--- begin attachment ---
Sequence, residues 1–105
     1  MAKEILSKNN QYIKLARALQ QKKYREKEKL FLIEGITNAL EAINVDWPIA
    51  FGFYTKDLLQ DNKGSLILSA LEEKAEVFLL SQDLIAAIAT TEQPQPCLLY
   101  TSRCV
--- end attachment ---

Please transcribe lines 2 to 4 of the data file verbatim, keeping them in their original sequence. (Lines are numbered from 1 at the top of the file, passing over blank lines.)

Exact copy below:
     1  MAKEILSKNN QYIKLARALQ QKKYREKEKL FLIEGITNAL EAINVDWPIA
    51  FGFYTKDLLQ DNKGSLILSA LEEKAEVFLL SQDLIAAIAT TEQPQPCLLY
   101  TSRCV